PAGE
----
Two of my newly planted broccoli disappeared overnight. The culprit ? It could have been birds but I suspect the baby rabbit I’ve seen lolloping in the garden recently. Like irises the rabbit population is exploding in Central Otago this year. Go walking in the evening, as we did a couple of nights ago, and on the path by the lake dozens were playing hopscotch – black ones, grey ones, baby ones, giants. Our neighbour borrowed a rabbit-hunting dog last week. We need it again. Fast.
Luckily rabbits haven’t yet developed a taste for irises and though the bearded irises in my garden are almost over, various species are making a late appearance. Plants I thought I had lost are flourishing and flowering in places I’m sure I didn’t plant them.
One of the reasons I’m slightly obsessive about irises is the fact that because I grow a wide variety of species I usually have at least one – but usually heaps more – blooming in the garden from July to December. If I could only get Iris unguicularis var.creticus to flower I could extend that by a month earlier.
Not the kind of flowers to make a glorious statement, these species irises are plants that tempt you into the garden each day to peer at close quarters to find out if anything new has appeared. It usually has.
Great was my excitement this morning when I found Iris milesii in flower in the street garden – this being the garden outside our wall and technically on council land. It’s where I go to plant when I’ve run out of space around the house. This iris is a slender plant, about 40cm tall, a member of the evansia group of irises. It’s not nearly as robust as a bearded iris but the flower is dainty and fragile, a pretty mauve colour with a fairly flat face not unlike an orchid. Most of the day this plant is in shade and where I had one of these precious flowers a few years ago, there is now a small clump with several more buds ready to burst open.Iris milesii originated in China and the Himalaya. It goes into a dormant phase during the winter months and as all the leaves of the plant fade, the rhizome lies bare on the soil surface.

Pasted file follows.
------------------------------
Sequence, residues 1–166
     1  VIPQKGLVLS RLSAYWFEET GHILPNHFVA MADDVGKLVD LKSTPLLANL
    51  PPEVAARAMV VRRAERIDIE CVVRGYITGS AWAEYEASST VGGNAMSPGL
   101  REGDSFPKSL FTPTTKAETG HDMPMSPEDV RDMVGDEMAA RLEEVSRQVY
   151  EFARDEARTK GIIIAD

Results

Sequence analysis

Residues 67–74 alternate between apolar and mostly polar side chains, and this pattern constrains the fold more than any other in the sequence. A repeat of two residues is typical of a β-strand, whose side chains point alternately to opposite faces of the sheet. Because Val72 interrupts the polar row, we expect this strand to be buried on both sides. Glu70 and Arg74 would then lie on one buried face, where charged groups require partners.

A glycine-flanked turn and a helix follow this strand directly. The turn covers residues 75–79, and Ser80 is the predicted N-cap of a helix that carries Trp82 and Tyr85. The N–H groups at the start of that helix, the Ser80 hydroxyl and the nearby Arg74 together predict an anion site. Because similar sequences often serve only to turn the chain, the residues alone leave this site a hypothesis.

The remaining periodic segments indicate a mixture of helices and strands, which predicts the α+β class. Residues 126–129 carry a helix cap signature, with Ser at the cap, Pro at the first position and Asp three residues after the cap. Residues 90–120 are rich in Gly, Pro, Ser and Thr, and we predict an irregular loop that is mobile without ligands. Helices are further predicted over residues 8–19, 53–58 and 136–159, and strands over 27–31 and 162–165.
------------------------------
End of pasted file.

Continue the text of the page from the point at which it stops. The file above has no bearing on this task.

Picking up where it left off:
Also out in the street garden is Iris graminea. It was banished there because it took up space I needed in my garden proper. Most of the year it’s hard to recognise this plant as an iris. Deciduous in the winter it grows in springtime as a spreading grassy clump, about 40 cm high, and the buds when they form, are difficult to see as they hide down amongst the finely cut foliage, opening up on the outside of the plant first before gradually opening in the centre of the clump.
Iris graminea belongs to the spuria group of irises and beside a voluptuous bearded specimen the flower looks starved. But I like it for its slender, spare purple petals and the fine blue markings on the end of its falls.
Iris sintenisii is even smaller than I. graminea and I grow mine in a hypa tufa pot I made many years ago. Each year when it flowers it takes me by surprise. No sooner have the buds formed than it opens into flower. A couple of days later it’s gone. Maybe because the flowers of these three irises are short-lived they seem more precious.
Another fragile iris that won my heart years ago is Iris chrysographes. It’s a gorgeous velvety purple, a classic slender shape on a narrow stem about 50-60 cm tall. Last year numerous flowers appeared and for at least a week I gloried in the arrival of a new bloom every day. This year, contrary to all the other irises in my garden, this iris has almost vanished which sometimes happens in a garden as crowded as mine. Each year I promise myself to thin out the jungle and just maybe last autumn I dug up the small rhizomes of this dainty iris. One lonely bloom appeared about a week ago. Let’s hope it sets seed as many of my plants do – even several hybrid iris varieties which theoretically are supposed to only increase by vegetative means.